In his 2003 book Enough: Staying Human in an Engineered Age, environmental ethicist Bill McKibben argued at length against many of the technologies that are postulated or supported by transhumanists, including germinal choice technology, nanomedicine and life extension strategies. He claims that it would be morally wrong for humans to tamper with fundamental aspects of themselves (or their children) in an attempt to overcome universal human limitations, such as vulnerability to aging, maximum life span and biological constraints on physical and cognitive ability. Attempts to "improve" themselves through such manipulation would remove limitations that provide a necessary context for the experience of meaningful human choice. He claims that human lives would no longer seem meaningful in a world where such limitations could be overcome technologically. Even the goal of using germinal choice technology for clearly therapeutic purposes should be relinquished, since it would inevitably produce temptations to tamper with such things as cognitive capacities. He argues that it is possible for societies to benefit from renouncing particular technologies, using as examples Ming China, Tokugawa Japan and the contemporary Amish.[135]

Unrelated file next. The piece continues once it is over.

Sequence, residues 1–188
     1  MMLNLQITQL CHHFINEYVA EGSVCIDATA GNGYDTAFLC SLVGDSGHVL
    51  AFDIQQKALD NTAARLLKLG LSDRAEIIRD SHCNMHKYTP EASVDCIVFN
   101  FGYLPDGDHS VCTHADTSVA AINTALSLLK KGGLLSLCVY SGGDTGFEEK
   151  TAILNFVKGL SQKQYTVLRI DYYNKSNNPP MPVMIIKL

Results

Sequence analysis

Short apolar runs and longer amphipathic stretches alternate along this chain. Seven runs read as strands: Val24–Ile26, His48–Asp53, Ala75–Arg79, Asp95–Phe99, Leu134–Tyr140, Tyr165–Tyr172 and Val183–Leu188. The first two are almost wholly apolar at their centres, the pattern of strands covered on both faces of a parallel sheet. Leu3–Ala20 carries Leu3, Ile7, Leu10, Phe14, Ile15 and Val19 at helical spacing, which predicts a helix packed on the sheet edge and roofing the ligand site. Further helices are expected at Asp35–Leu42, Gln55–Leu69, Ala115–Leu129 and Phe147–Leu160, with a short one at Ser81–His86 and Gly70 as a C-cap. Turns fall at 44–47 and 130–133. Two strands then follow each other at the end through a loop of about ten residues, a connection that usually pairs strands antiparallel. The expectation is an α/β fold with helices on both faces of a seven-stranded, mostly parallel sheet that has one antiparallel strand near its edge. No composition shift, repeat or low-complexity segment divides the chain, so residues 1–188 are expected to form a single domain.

Biopolitical activist Jeremy Rifkin and biologist Stuart Newman accept that biotechnology has the power to make profound changes in organismal identity. They argue against the genetic engineering of human beings because they fear the blurring of the boundary between human and artifact.[126][136] Philosopher Keekok Lee sees such developments as part of an accelerating trend in modernization in which technology has been used to transform the "natural" into the "artefactual".[137] In the extreme, this could lead to the manufacturing and enslavement of "monsters" such as human clones, human-animal chimeras, or bioroids, but even lesser dislocations of humans and non-humans from social and ecological systems are seen as problematic. The film Blade Runner (1982) and the novels The Boys From Brazil (1976) and The Island of Doctor Moreau (1896) depict elements of such scenarios, but Mary Shelley's 1818 novel Frankenstein; or, The Modern Prometheus is most often alluded to by critics who suggest that biotechnologies could create objectified and socially unmoored people as well as subhumans. Such critics propose that strict measures be implemented to prevent what they portray as dehumanizing possibilities from ever happening, usually in the form of an international ban on human genetic engineering.[138]